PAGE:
Bell's inequality is proved by relatively elementary mathematics. It is rock solid as mathematical proofs go. He has definitely shown that if reality is local a certain set of inequalities of correlation for the outputs of double delayed measurements on entangled photons must hold. Experiment has show they do not hold. Ergo reality is non-local. There are no local hidden variables which can reproduce the actual measured correlations. Quantum theory predicts the failure of the inequalities and the measurements bear the predictions out. In so proving, Bell revealed a subtle error made by von Neuman in his important book "Grunlagen des Quantum Mechanik". Einstein's assertion of locality is just plain wrong.

The proof is rock solid. The experiments use less than one hundred percent efficient detectors, but with improving technology the double delayed entanglement correlation measurements falsify the inequalities proved by Bell (and later modified some by Bohm).

Quantum theory is on the mark and has not been falsified by any entanglement based experiment.

The Philosophers may long and lust for hidden causative factors, but they long in vain.

By the way, the finite and constant velocity of light is not a common sense notion. Common sense and unaided observation do not reveal the finite and constant speed of light. The finite speed of light in free space was first observed by Roemer in the mid 1600s and all subsequent experiments have shown light to have a constant speed in vacuo which is measured to five decimal places of precision.

Ba'al Chatzaf

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I think it is reasonable to assume that the stimuli would have existed before the evolution of the nervous system, but there is a huge difference between stimuli and objects.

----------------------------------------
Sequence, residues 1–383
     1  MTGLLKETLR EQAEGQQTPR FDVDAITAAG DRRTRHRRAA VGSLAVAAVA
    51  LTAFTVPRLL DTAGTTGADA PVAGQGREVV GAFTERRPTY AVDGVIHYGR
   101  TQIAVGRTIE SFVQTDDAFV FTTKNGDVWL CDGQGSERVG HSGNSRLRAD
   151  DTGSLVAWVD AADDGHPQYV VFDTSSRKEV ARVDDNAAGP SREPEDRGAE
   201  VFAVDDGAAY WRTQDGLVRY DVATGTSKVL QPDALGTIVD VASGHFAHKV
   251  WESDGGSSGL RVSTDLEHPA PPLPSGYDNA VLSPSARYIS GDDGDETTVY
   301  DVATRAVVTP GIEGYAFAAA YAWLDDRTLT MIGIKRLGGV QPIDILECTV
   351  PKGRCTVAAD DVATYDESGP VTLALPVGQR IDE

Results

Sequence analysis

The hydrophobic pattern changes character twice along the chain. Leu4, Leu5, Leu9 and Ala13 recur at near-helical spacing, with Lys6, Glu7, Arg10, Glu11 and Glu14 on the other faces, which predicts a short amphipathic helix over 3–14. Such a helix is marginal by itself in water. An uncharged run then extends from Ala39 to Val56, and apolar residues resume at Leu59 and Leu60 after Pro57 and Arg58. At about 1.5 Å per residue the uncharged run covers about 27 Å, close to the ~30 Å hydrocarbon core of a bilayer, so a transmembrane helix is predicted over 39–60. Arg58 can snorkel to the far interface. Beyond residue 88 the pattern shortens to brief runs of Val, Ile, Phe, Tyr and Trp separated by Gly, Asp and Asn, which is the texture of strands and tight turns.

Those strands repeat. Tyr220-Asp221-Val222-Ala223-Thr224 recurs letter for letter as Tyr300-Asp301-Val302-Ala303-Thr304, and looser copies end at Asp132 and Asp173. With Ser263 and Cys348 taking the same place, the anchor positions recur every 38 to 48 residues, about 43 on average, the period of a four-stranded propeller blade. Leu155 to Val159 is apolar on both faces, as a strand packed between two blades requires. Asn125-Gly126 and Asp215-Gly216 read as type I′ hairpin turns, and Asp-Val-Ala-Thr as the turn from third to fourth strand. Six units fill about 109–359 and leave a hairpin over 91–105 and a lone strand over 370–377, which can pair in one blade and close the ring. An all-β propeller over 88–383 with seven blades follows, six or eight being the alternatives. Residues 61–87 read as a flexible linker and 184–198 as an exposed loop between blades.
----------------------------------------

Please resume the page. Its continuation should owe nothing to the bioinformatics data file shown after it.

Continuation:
Mr general semanticist could you elaborate on this by describing the concepts you here mentioned? Could you also describe the concepts of existence, identity, consciousness as well? Thanks.

Best and Good

RB

Perhaps this may help.

Scientifically it is known that the submicroscopic levels are not "perceptible" or "perceptual." We do not and cannot "perceive" the "electron," but we observe actually the results of the eventual "electronic processes." That is, we observe the "effects" and assume the "causes." In other words, as explained before, our submicroscopic knowledge is hypothetical in character. The world behaves as if its mechanisms were such as our highest abstractions lead us to believe, and we will continue to invent theories with their appropriate terminologies to account for the intrinsic mechanisms of the world we live in, ourselves included. We read into nature our own latest highest abstractions, thus completing the inherent circularity of human knowledge, without which our understanding of nature is impossible.
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I base my views on those of Alfred Korzybski and his theory of consciousness of abstracting as illustrated in the structural differential which you can find here. This is an excellent site devoted to general semantics.

The Count learned what he learned in the Dark Ages of Neurophysiology. He was a total strange to CAT scan, MRI and PET scan. He knew nothing of the celluar chemistry and biology of the nervous system. Anything he said on the matter must be taken con grano salas.

More has been learned of how the human neurosytem works in the last forty years than in the previous twenty five hundred years.

Ba'al Chatzaf

Edited by BaalChatzaf
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The Count learned what he learned in the Dark Ages of Neurophysiology. He was a total strange to CAT scan, MRI and PET scan. He knew nothing of the celluar chemistry and biology of the nervous system. Anything he said on the matter must be taken con grano salas.

More has been learned of how the human neurosytem works in the last forty years than in the previous twenty five hundred years.

Ba'al Chatzaf

It's bewildering why you continue to criticize Korzybski's work in neurophysiology when he didn't do any neurophysiology. Sigh...